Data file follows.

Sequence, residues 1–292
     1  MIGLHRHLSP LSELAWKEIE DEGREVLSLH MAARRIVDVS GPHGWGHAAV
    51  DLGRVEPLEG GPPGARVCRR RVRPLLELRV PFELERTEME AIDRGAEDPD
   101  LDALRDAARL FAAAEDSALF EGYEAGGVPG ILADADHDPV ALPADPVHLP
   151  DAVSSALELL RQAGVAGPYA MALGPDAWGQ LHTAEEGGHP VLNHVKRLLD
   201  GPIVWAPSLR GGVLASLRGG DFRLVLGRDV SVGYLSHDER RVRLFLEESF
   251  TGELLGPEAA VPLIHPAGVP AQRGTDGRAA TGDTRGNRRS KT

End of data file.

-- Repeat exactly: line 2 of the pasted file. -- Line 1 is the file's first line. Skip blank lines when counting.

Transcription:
     1  MIGLHRHLSP LSELAWKEIE DEGREVLSLH MAARRIVDVS GPHGWGHAAV